SEAD Symposium Innovator Highlights – Round 1

This article was originally posted on the SEAD website. Click here to view the original post. 

We are closing in on the Duke Symposium on Scaling Innovations in Global Health! The office is bustling as we begin our final push to attract attendees, prepare our network of innovators for our panels, and organize the final event details.

Attendees including leading innovators within SEAD, senior leadership from our supporting organizations, Duke faculty and students, investors, and health system leaders interested in healthcare innovation will gather on Friday, April 4th to contribute to a thoughtful discussion. We hope that attendees not only leave feeling encouraged but with truly valuable connections. The Symposium includes what promises to be an engaging speech by Chuck Slaughter on creating livelihoods while scaling access to life-changing products, a moderated panel on “smart failure,” a networking reception with our 17 innovators, and much more.

Many of the SEAD innovators participating at this year’s Symposium are traveling from faraway places such as Kenya and India to highlight their innovations, tell their story, and describe the type of support they need to achieve growth to our audience. Each week, leading up to the Symposium we will highlight a small group of innovators participating this year! Round 1 is featured below and introduces innovators delivering care in India – Enjoy!

seed_symposium_2Arogya Finance: Arogya partners with hospitals and other healthcare providers by providing health loans within 24 hours to patients, approving patients based on a proprietary behavioral test rather than formal system requirements like a bank account or collateral.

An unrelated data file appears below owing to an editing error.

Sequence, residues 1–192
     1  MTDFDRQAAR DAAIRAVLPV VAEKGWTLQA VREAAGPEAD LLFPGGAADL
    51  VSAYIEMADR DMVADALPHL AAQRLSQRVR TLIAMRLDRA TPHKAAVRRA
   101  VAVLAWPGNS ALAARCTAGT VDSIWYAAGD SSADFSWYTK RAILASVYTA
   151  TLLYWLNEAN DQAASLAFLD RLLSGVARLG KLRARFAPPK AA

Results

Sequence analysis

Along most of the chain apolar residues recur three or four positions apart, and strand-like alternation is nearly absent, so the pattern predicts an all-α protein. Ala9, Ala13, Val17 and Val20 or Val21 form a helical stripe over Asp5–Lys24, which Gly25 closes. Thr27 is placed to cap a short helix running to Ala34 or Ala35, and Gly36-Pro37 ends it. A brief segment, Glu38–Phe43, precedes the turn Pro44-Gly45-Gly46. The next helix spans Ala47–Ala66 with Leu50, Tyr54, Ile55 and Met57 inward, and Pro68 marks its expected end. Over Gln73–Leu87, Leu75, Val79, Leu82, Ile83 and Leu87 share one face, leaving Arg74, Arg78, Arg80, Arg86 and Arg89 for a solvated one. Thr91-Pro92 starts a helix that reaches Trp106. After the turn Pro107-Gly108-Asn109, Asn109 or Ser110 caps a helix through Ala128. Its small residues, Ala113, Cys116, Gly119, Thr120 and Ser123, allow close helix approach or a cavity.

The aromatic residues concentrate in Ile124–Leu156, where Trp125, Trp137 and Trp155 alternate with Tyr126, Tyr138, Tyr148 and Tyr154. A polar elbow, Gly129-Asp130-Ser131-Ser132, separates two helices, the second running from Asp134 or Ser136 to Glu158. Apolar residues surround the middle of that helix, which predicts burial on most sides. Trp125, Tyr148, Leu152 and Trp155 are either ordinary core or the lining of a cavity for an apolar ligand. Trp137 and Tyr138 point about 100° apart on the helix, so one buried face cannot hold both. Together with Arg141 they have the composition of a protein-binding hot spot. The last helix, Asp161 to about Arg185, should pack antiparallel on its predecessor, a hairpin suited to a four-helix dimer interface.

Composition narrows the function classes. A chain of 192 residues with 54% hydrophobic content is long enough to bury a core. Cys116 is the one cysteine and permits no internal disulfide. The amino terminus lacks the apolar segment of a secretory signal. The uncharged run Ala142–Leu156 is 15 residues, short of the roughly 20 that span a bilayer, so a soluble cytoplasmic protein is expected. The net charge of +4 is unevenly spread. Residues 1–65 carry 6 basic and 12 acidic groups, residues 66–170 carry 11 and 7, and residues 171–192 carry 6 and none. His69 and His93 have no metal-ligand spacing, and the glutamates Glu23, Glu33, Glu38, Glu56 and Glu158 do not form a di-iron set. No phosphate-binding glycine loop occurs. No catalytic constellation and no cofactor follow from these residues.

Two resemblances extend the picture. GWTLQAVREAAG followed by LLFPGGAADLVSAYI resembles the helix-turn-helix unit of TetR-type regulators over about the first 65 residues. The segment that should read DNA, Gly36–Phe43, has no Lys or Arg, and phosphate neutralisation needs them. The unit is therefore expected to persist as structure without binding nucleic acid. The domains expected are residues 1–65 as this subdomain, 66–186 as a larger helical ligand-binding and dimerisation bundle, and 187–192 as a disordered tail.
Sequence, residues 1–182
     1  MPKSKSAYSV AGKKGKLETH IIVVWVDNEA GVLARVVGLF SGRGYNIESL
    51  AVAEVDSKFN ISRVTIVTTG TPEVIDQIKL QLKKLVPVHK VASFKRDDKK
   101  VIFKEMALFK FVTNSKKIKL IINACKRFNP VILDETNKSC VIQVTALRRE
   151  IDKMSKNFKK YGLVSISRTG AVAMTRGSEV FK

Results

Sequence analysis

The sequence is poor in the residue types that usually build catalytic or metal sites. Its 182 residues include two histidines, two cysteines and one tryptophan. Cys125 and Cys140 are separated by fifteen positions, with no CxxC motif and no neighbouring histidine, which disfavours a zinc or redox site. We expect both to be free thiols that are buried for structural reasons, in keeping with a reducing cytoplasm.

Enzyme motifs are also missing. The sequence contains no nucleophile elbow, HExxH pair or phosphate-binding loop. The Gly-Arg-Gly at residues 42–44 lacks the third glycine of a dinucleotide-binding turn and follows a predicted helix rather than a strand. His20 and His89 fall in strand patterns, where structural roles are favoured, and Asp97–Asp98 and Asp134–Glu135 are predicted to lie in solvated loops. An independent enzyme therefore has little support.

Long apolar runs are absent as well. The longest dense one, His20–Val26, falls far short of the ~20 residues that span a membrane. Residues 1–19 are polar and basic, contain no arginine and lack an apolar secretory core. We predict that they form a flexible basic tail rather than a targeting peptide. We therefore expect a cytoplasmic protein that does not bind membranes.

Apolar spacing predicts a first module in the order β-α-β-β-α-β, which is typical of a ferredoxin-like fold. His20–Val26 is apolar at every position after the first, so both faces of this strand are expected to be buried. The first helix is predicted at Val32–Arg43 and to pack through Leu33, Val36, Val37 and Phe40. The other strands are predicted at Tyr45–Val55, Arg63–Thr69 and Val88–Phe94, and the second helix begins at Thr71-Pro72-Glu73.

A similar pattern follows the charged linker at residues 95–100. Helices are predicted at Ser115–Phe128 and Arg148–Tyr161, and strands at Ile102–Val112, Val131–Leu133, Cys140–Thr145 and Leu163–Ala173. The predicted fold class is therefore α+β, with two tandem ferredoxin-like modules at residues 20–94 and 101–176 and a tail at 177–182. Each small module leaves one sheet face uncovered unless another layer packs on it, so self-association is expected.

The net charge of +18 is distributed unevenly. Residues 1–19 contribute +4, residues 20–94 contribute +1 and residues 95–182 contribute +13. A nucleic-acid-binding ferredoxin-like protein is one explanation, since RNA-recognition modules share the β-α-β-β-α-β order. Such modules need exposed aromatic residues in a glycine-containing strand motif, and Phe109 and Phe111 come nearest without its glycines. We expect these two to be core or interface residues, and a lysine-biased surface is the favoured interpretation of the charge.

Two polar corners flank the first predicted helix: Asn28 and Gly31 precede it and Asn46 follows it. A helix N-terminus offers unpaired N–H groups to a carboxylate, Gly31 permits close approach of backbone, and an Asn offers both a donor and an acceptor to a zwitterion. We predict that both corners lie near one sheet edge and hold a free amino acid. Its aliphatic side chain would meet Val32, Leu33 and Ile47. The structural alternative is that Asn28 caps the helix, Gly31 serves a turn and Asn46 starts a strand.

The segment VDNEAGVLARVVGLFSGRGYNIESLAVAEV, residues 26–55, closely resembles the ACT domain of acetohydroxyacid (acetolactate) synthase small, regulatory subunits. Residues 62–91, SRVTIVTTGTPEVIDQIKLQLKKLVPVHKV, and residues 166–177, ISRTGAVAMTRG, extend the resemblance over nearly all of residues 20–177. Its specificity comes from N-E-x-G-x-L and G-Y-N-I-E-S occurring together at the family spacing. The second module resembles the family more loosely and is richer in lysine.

Forus Health: Keeping in mind that in India there is only one doctor for every 1720 people, Forus develops affordable technology solutions that can easily be used by a minimally trained technician, thereby making health service accessible and scalable. Forus is also the creator of 3nethra- an intelligent pre-screening ophthalmology device.

Operation ASHA: Around the world, 14 million people suffer from tuberculosis. Operation ASHA created a community based program model that uses local workers in areas with high TB prevalence to set up local treatment centers integrated within existing community resources, like temples and shops.  The efficacy of the program is ensured by portable fingerprint identification system that tracks and compiles patient adherence data and alerts health workers to follow-up with a patient within 24 hours of a missed treatment.sead_symposium_3

SughaVazhvu Healthcare: Driven by their vision to touch a million lives in their pursuit of health equity, SughaVazhvu offers low-cost primary healthcare services through an easy to follow blue print clinic system. This includes a focus on evidence-based primary care, use of a proprietary health management information system, community engagement tactics and highly developed protocols to treat the most common 80+ illnesses.

Swasth India: With over 126,000 patients served Swasth India operates a chain of primary care centers in slum areas with a model that provide a 50% reduction in out of pocket expenses to the patient. Swasth India provides everything in a 150 square foot facility that offers access to a family doctor, rapid diagnostics on site, discounts on drugs, referrals with discounts, in patient day care services and more.

Vaatsalya: Currently operating over 17 hospitals and reaching over 100,000 patients per quarter Vaatsalya has created an efficient, franchise network model that specializes in a specific and limited set of health services that are in high demand in each local community. Vaatsalya was featured on IPIHD’s 2013 Study Tour {read more here}.

Find a full list of our SEAD Innovators here.

 

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